Col. Just when he was beginning to develop a more relaxed style in movies like "Hard Target" and broaden his appeal with "Timecop," Jean-Claude Van Damme takes a career step backward in "Street Fighter," a messy, basically plotless bigscreen rendition of the popular multimedia game. Avid users of the videogame and Van Damme's loyal fans may embrace the film out of curiosity, but this uninvolving movie will fail to achieve the results of the star's last outings. Still, "Street Fighter" may initially benefit from being the only holiday actioner other than "Drop Zone" and, as always with Van Damme's vehicles, will have more bite offshore.
Col. Just when he was beginning to develop a more relaxed style in movies like “Hard Target” and broaden his appeal with “Timecop,” Jean-Claude Van Damme takes a career step backward in “Street Fighter,” a messy, basically plotless bigscreen rendition of the popular multimedia game. Avid users of the videogame and Van Damme’s loyal fans may embrace the film out of curiosity, but this uninvolving movie will fail to achieve the results of the star’s last outings. Still, “Street Fighter” may initially benefit from being the only holiday actioner other than “Drop Zone” and, as always with Van Damme’s vehicles, will have more bite offshore.
Electronic videogames, with their built-in audiences, present an alluring challenge for filmmakers, though they are obviously not easy to translate into exciting feature-length presentations. In fact, “Street Fighter” suffers from the same problems that impaired “Super Mario Bros.”: It is noisy, overblown and effects-laden and lacks sustained action or engaging characters. Like the 1993 picture, “Street Fighter” is too disjointed and far less captivating than the videogame that inspired it.
Van Damme plays Col. Guile, the military commander of the Allied Nations forces, assigned to defeat Gen. Bison (Raul Julia), the megalomaniac dictator of a country called Shadaloo, in order to rescue 63 kidnapped relief workers held hostage by the psychotic ruler. When the Allied Nations succumb to Bison’s demands for a huge ransom, the protesting Guile is relieved of his command. But the feisty fighter disobeys orders and leads a commando force of tough street fighters on a covert mission that brings him face-to-face with the corrupt warlord.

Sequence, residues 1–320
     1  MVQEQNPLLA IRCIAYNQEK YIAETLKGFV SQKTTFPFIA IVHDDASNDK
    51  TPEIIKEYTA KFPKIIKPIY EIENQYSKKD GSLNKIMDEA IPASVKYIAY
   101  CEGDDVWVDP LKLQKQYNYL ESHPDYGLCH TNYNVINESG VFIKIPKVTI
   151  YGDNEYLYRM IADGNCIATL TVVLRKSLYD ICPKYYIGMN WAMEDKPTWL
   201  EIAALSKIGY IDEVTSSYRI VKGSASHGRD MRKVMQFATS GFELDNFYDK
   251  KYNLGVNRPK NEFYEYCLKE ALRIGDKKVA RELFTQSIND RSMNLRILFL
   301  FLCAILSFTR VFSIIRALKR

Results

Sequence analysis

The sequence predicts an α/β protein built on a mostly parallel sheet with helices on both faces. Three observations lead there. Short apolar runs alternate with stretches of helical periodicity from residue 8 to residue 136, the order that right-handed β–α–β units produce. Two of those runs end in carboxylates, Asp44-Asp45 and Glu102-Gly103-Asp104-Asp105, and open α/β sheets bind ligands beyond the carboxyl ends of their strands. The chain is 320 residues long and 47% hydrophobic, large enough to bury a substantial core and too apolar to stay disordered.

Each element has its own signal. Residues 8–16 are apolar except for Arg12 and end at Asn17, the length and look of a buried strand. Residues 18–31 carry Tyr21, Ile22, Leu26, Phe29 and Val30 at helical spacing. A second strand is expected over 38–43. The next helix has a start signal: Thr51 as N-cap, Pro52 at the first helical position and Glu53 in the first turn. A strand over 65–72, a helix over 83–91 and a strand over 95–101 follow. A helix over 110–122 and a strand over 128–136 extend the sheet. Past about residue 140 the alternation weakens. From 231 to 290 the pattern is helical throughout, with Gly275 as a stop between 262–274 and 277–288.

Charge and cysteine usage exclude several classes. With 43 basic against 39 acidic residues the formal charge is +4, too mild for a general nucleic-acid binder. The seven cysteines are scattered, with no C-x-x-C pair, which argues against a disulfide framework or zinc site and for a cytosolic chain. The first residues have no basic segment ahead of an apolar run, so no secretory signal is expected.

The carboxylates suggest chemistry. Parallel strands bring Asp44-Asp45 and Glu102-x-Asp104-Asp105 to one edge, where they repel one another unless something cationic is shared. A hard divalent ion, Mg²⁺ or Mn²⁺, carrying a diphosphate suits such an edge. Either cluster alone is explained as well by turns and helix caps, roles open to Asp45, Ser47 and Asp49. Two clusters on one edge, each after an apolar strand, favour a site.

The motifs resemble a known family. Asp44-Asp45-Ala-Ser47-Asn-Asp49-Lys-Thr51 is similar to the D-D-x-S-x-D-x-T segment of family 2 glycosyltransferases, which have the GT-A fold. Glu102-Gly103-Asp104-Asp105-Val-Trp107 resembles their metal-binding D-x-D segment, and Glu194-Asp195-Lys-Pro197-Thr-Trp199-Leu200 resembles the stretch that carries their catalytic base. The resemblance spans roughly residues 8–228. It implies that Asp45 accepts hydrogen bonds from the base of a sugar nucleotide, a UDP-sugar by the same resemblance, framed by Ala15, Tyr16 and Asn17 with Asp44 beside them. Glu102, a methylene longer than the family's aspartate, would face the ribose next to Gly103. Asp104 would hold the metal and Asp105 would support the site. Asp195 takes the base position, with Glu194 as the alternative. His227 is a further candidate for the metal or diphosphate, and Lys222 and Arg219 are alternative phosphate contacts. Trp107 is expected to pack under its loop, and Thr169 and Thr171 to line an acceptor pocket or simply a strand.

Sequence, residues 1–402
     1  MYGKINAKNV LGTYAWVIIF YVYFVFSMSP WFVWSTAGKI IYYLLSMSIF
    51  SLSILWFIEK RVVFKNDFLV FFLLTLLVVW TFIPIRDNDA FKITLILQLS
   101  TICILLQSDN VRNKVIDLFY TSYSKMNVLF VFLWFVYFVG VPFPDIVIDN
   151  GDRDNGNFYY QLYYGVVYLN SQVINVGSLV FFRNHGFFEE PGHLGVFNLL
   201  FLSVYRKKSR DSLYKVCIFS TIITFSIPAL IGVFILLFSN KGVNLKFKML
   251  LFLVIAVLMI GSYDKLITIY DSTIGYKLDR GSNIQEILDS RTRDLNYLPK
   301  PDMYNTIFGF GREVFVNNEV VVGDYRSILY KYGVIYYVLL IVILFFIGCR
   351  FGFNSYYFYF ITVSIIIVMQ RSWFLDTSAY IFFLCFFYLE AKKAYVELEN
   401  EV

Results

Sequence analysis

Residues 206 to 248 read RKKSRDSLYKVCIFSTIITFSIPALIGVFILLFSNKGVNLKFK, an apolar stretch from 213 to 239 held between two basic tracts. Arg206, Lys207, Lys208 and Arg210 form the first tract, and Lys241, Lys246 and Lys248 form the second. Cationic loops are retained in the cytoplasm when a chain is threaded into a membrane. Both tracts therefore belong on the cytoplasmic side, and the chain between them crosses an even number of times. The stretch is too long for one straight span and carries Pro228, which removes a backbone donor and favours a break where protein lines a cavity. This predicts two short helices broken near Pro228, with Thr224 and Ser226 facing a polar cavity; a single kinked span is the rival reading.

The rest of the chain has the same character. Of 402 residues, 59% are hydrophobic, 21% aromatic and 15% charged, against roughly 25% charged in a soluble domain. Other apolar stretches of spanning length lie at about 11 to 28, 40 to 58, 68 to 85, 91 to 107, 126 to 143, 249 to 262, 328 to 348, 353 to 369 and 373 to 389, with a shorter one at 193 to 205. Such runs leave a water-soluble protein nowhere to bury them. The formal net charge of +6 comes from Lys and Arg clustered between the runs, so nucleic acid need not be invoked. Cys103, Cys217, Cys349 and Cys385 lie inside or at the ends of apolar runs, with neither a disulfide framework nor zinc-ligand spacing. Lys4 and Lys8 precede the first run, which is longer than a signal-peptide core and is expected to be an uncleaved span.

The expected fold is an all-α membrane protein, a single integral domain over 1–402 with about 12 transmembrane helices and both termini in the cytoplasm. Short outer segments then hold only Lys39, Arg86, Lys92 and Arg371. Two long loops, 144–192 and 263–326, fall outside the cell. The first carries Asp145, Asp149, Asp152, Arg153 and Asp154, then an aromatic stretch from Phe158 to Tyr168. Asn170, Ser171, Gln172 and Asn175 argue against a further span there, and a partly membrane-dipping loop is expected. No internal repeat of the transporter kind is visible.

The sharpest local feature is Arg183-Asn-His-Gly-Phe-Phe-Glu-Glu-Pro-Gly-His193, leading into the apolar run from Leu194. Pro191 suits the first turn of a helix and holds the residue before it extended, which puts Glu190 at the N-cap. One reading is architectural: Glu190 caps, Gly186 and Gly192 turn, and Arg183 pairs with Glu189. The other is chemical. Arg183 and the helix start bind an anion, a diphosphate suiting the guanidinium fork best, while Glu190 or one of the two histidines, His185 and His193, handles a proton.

The two men, who play archetypes, are surrounded by some colorful characters who add flavor to the proceedings, such as attractive TV reporter Chun-Li (Ming-Na Wen), who has her personal agenda for wanting to destroy Bison; Sagat (Wes Studi), Bison’s arms supplier, who controls the toughest gang in Southeast Asia; and Dhalsim (Roshan Seth), Bison’s captive biophysicist, who’s forced to conduct unethical genetic experiments for the creation of the ultimate fighting warrior.
Steven E. de Souza, a veteran of some functional action scripts (the “Die Hard” movies, “48 Hrs.”), makes an unimpressive directorial debut in this misconceived adventure. In shooting the climactic scenes, de Souza keeps the camera too close to the action, which is too often unnecessarily fractured, failing to build any continuity or momentum. Technically speaking, the cutting, executed by five editors, leaves much to be desired.
It’s hard to fathom what motivated a star like Van Damme to take such a small , insignificant assignment that doesn’t showcase his special skills to advantage. Sporting red hair and wearing a military uniform, Van Damme delivers mostly one-liners, some of which are actually funny. Targeted for children, and Van Damme’s first PG-13-rated pic, “Street Fighter” sports a sensibility more humorous than terrifying or violent.
But Van Damme disappears for long stretches, during which the action drags and meanders in too many directions. The film’s various locations (Bangkok, Bison’s secret subterranean base) are meant to evoke the exotic settings of the likes of the James Bond movies and futuristic epics a la “Star Wars” and “Blade Runner.” Ironically, the result is just a busy, cluttered screen that is not particularly handsome — despite prodigious efforts by lenser William A. Fraker, designer William Creber and special visual and sound effects hands.
As the villain who behaves like a tyrannical emperor, Julia renders one of his weakest performances, accentuating each and every syllable as if he were reciting a Shakespearean role of grand emotional range. It’s too bad, for this is the accomplished actor’s last film, and it is dedicated to him.
“Street Fighter’s” most notable aspects are its multicultural cast, which includes black, Asian, Hispanic, Indian and British performers, and the strong role it offers to the beautiful Ming-Na Wen (“The Joy Luck Club”) as a dauntless TV reporter turned tough warrior.